The New York Times reports today on a study which identifies the origin of the Japonic language family with the Yayoi people who came to Japan from Korea around 2200-3000 years ago.
This is one field I have never really kept up with – and it’s quite complicated and controversial – so I don’t know how up to date or widely accepted the essential assumptions here are. The assumption that the Yayoi people came from Korea, bringing with them rice growing culture, and taking over the islands, displacing the Jomon people who then assimilated into the new Yayoi-dominant society and ethnicity. The assumption that this all began around 2200-3000 years ago.
Furthermore, maybe it’s just because I don’t understand linguistics, but I have a hard time understanding how the methods of this study work. Basically, it seems they used some kind of algorithm or program to estimate the dating of the origins of the language family based on knowing the dating of later changes (e.g. the shifts from Old Japanese to Middle Japanese, the split between Tokyo and Kyoto dialects beginning around 1603, and the split between Japanese and Ryukyuan occurring apparently sometime around 600-700 CE), and on the pace at which languages gradually change over time.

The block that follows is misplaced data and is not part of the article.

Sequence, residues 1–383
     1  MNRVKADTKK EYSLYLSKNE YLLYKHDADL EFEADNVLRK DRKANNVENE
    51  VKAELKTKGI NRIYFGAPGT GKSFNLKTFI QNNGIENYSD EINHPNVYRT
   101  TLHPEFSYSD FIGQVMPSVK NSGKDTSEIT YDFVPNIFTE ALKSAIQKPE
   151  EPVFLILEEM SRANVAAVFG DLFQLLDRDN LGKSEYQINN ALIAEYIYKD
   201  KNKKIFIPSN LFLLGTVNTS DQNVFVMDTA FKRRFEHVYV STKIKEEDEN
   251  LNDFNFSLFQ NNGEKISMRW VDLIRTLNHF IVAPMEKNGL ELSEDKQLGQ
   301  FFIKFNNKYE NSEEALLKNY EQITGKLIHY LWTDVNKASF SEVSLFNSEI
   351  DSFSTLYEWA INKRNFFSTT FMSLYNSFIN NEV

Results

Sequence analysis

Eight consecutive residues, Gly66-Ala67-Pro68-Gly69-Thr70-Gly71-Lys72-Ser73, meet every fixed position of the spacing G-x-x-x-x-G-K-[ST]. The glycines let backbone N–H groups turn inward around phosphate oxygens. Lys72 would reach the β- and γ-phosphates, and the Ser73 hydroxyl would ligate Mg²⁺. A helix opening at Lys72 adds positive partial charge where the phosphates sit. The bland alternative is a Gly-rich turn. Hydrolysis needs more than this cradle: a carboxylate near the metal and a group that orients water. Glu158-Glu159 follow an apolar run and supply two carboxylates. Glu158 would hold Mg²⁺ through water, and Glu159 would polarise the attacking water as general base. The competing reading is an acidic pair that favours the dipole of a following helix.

If that’s all they’re going on, I find it difficult to understand how this all works, or how the findings could possibly be considered valid. Languages change at different rates, after all, and the rate of change itself also changes over time, presumably, depending on any number of factors, including isolation and interaction. The imposition in the Meiji period of a nation-wide standard version of Japanese aside, there is a reason that Japanese is largely mutually intelligible (largely the same language) throughout Tohoku down to Kyushu, and yet the native languages of many of the individual Ryukyuan islands are not mutually intelligible from island to island – because the language shifted at different rates in different places under different circumstances.
Well, in any case, if the professional linguists and archaeologists, i.e. the scholarly community, wants to accept this, then I certainly will take them on their word. An interesting find, to be sure. Though, seeing as how this is coming from the New York Times, and not from any scholarly journal or anything, I wonder if it’s old news, or if there’s more out there on this study? Anyone?